Defendants, however, countered Plaintiffs' reliance on KGS records by setting forth uncontroverted facts that, according to the KGS, its records relating to the two leases would only go back to July 1953; and it “CANNOT AND DOES NOT CERTIFY THE ACCURACY of any oil production records maintained by the KGS” for the leases in question. This is because prior to 1987, oil and gas operators were under no duty or obligation to report oil production from their leases to any state agency. Defendants also argued that Plaintiffs had “waived any right they may have had to assert a termination of the Pearson and Finnerty Leases” because Plaintiffs “waited more than 30 years to assert” their claims.
Plaintiffs controverted Defendants' uncontroverted facts in part by stating that Plaintiffs were “relying in part on the records maintained by the [KGS], but are relying more heavily on the fact that Defendants have failed to produce evidence of oil and/or gas production on the leases, and there appears to be no evidence of production for decades prior to 1953.” Plaintiffs stated that since that time, there had been some production; however, there had been “no showing that the production was continuous and in paying quantities during that entire time.” Of note, Plaintiffs raised similar arguments in their own motion for summary judgment, when asserting that Defendants had “no evidence that either of these leases continuously produced oil or gas in paying quantities from the time the leases would have otherwise expired by their terms, to the present.”
Reviewing these facts in its December 2, 2015 decision, the district court determined that because of the absence of evidence regarding whether or not there was cessation of production of oil and gas in paying quantities in the early years of the lease, no one disputed the validity of the Pearson Lease in a timely manner, and there was undisputed evidence showing investment of capital and production during the almost 100 years prior to Plaintiffs' lawsuit, that equity required that the district court presume the lease was a valid and existing lease until 1989 when Colt Energy owned and operated the lease. As explained by the district court:
“Applying the equitable principles from [Barker v.] Kruckenberg, [33 Kan. App. 2d 545, 105 P.3d 273 (2005)], and the other cases cited by the parties, this Court cannot conceive of a way that it would be equitable to terminate a lease from 1918 based upon a challenge first initiated ninety-seven years later when the undisputed evidence shows investment of capital and production in the interceding years. Further, there is no evidence one way or the other to suggest whether prior owners ratified or tolerated any production lapses or what other agreements may have existed to permit the then-current lessee to continue to hold the lease without termination. There are no record affidavits of production or non-production or notice of lease forfeiture on file ․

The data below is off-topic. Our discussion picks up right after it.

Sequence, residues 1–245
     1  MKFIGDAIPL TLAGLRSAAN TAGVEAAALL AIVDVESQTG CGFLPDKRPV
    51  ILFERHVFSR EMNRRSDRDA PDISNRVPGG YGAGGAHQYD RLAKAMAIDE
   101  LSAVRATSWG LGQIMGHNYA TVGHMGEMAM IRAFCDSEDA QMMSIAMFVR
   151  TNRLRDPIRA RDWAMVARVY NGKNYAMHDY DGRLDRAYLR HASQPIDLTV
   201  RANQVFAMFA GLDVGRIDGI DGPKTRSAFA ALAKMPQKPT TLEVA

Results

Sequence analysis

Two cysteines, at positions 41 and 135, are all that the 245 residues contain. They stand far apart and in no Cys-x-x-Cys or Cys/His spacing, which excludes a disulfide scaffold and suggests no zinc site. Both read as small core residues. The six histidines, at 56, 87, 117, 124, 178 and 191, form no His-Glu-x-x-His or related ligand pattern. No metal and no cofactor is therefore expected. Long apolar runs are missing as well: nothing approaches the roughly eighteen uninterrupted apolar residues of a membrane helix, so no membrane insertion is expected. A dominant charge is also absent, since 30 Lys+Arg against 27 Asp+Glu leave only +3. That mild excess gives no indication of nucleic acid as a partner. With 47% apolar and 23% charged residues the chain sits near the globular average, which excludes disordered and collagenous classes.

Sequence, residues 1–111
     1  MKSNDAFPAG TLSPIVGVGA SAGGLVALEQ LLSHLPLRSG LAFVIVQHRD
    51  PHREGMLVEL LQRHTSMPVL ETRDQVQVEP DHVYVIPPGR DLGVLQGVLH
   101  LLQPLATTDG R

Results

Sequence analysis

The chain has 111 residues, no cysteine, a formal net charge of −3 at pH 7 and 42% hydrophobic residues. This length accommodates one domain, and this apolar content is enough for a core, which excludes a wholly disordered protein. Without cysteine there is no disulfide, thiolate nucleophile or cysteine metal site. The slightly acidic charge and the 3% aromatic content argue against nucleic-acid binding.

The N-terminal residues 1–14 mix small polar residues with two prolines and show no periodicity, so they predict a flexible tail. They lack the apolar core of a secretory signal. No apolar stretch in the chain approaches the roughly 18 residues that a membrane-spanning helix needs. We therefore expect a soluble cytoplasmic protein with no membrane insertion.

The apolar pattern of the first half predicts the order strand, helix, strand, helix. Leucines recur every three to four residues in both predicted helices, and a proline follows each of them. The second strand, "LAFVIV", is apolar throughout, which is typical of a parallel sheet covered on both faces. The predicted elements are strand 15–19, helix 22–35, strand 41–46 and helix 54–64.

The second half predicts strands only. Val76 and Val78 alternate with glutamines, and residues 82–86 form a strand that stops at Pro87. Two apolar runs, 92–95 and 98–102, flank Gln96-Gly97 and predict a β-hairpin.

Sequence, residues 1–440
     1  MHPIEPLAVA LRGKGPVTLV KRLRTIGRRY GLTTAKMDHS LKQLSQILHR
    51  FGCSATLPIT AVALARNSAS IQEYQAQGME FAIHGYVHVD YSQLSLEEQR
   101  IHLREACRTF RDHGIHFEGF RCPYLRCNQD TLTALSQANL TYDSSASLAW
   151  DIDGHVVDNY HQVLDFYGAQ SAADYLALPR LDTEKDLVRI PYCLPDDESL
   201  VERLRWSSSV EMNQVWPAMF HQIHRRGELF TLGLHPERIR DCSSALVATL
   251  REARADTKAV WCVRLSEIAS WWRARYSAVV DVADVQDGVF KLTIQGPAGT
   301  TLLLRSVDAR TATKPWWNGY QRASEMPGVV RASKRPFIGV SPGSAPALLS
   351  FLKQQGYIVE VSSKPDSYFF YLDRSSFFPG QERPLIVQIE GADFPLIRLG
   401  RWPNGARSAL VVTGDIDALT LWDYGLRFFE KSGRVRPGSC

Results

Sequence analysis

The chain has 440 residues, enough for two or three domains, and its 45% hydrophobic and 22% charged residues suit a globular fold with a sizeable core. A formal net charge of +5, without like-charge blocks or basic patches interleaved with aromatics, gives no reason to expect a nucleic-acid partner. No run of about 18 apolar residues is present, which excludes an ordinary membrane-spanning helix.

“By setting the look back period to 1989, the Court preserves the ability of the Plaintiffs to stand on the law of termination and preserves the ability of the Defendants to put forward facts that would allow the informed application of equity—up to an including the events occurring past November 14, 2012.”
In their motion to alter or amend, Plaintiffs alleged the district court had created “an oil and gas lease out of thin air” and challenged the district court's application of equity to leases that—in their view—terminated in 1923. The district court further explained its rationale in its March 23, 2016 memorandum decision:
“The Court's legal conclusion was based upon a finding that, prior to 1989, the evidence was undisputed that when, or whether, or to what extent production under the original 1918 Pearson Lease began or continued (whether prior to or after the original, fixed five-year term) had been lost to time. Such evidence as the parties were able to locate was so old and so inconclusive that, consistent with the principles of law cited in the December 2nd Order, it would be inequitable to determine or terminate the ownership of the mineral interest on such stale evidence. It is not disputed that the parties located evidence beyond the mere existence of the lease being filed of record that is sufficient to conclude that the lease had been operated to some degree at various points between the filing of the lease and 1989.